This morning I taught some of the social principles of the UMC to a Sunday School class. They loved me. And I loved teaching them. I've got 2 more Sundays of that, and then will have a curriculum to use to teach others. Awesome.

I came home, went out to lunch with friends, then went back to painting at Tara and Billy's. Then it was Lazer Tag time and other fun things at Hinkle Family Fun center. That was good times for sure. I had no idea how fun that was, but I am pretty sure that my team kept shooting me. It was a good night.

So, I was really busy all weekend and even managed to make it through losing the hour last night relatively unharmed. Hopefully this week is slightly more calm than last week. Lots of craziness happened at work. I do know there is some drama that I'll have to deal with this week, but hopefully it will all work out in the end. I just know there are lots of meetings in store for me in various areas of my life. And my general feeling about meetings right now is that meetings = one less opportunity I have to be in ministry.

Discipleship conference part 2

Thursday, March 08, 2007
Well I've discussed the implications of splitting Jesus up and each group claiming a piece of him. The problem with this sectarianism is that we fail to see the beauty of Jesus as a whole. Certainly I would think there are more than 7 different perspectives of Jesus. These are the ones that McLaren has seen but certainly there can be other views. I think we miss something if we concentrate too much on our own personal Jesus and don't see Jesus for who he is to other people.

Now where we can go wrong in this whole story is our understanding of the gospel. McLaren shared a story about a meeting with another theologian. This other theologian told McLaren that he had precisely no idea what the gospel is.

So what is the gospel then? And what does it mean?

When remember that gospel means good news, I think we can see that it also means the Kingdom of God. Jesus spoke often about this kingdom.

I have to laugh a little about McLaren’s view of the contemporary gospel. It goes something like this

The gospel = How to get to heaven when you die
With a large footnote about personal happiness
Smaller footnote about character development
A Much smaller footnote about spiritual experience
And an illegible footnote about social and global transformation.

This reminded me of that whole post I did about moralistic therapeutic deism. We want to feel good about ourselves. But this isn’t really what God was trying to accomplish with Jesus I don’t think. I think there is more to it, I think there is some serious conviction in what Jesus has to say about what the good news actually is.

We have to remember that we are not the end users of the gospel and that this whole thing is about God’s love for the world. Why would God bother with it all if it was all about if we were happy or not? I mean, sure, I think that God wants us to be happy, but I don’t think that our faith should be based on whether or not we are happy.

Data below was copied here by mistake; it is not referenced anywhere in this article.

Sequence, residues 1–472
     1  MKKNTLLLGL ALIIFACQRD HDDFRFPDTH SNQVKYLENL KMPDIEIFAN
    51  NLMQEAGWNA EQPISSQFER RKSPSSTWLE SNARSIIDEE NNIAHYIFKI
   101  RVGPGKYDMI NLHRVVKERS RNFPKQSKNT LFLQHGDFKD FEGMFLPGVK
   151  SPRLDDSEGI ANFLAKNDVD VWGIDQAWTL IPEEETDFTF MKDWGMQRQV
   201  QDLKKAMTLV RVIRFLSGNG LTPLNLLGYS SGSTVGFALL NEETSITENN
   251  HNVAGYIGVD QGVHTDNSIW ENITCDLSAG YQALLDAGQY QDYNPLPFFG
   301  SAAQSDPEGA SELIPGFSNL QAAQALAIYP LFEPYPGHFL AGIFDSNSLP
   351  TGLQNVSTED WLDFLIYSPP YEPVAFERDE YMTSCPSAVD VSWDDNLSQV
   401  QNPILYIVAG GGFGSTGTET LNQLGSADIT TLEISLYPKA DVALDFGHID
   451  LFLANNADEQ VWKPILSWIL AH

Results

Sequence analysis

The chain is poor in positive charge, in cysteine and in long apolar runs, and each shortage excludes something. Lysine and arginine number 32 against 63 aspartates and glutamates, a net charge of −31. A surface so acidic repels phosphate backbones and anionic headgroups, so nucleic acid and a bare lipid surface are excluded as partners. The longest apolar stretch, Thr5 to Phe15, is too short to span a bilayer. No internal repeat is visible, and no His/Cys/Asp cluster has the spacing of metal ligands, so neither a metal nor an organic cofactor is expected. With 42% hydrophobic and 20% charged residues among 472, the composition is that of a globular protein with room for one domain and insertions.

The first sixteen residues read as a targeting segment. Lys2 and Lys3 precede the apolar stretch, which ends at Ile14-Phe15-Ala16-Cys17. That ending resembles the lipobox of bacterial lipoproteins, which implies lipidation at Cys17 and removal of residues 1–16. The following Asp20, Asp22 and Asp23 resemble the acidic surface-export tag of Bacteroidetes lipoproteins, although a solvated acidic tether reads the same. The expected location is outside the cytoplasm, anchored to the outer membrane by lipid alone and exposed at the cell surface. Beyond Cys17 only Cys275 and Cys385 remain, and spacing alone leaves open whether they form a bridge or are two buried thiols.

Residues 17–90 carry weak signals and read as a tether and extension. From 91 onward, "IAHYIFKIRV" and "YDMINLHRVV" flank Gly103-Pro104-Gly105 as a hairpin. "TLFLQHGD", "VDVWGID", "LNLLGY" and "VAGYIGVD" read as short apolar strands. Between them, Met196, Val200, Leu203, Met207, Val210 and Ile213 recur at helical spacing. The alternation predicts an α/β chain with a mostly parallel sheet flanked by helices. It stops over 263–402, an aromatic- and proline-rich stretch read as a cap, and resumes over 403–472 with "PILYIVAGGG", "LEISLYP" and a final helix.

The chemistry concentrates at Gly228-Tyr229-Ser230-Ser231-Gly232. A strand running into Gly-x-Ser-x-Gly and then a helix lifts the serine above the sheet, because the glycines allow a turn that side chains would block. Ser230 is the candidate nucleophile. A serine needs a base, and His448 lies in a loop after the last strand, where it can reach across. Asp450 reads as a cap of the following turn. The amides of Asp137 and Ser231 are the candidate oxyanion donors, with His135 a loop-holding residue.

I often hear that people choose a church because it of how they are fed by it. Is it important to be spiritually nourished? Yes. Should it be our sole decision for how we choose a church? Probably not…

But this is what we get when we dissect Jesus into 7 or more parts. We get this consumer idea of what Christianity can be, and we forget to be disciples. We forget that God calls us to be more than just consumers of the gospel. We pick and choose what it is that we believe about Christ, and then suddenly we can pick and choose whether we care about others and whether we are Godly. I think we dive into some dangerous territory when we have this consumer driven society.

We’re supposed to be disciples. A disciple is someone who is living out what Jesus commanded. It is something we have to work on, not something that we can just sit back and hope that it happens. It isn’t something we can pay money for, it is something that we achieve from walking so closely behind Jesus that we feel the dust from his feet on our skin. It is something that people just recognize when they look at you.

This disciple living isn’t easy. In fact, it shouldn’t be. It should be a challenge. I’m always learning more about what it means to be a disciple every day. Some days I fail at being what Christ has called us to, but I am thankful for the grace of God in those situations because it allows me to start over again. If I am not consciously making the decision to follow Christ every day, then I don’t get the reminder about what a sacrifice that Kingdom living truly is.

I am still being changed today from that conference a few weeks back, and I feel like I’ll keep getting insights from it. I’m looking forward to McLaren’s next book, and am grateful for my ability to attend the conference. God continues to bless my time here for sure.

VEV conference

Sunday, March 04, 2007
I probably have a couple more posts about the McLaren conference. I'm in this serious mode of processing right now. It seems like I hit some conferences at just the right time in my life.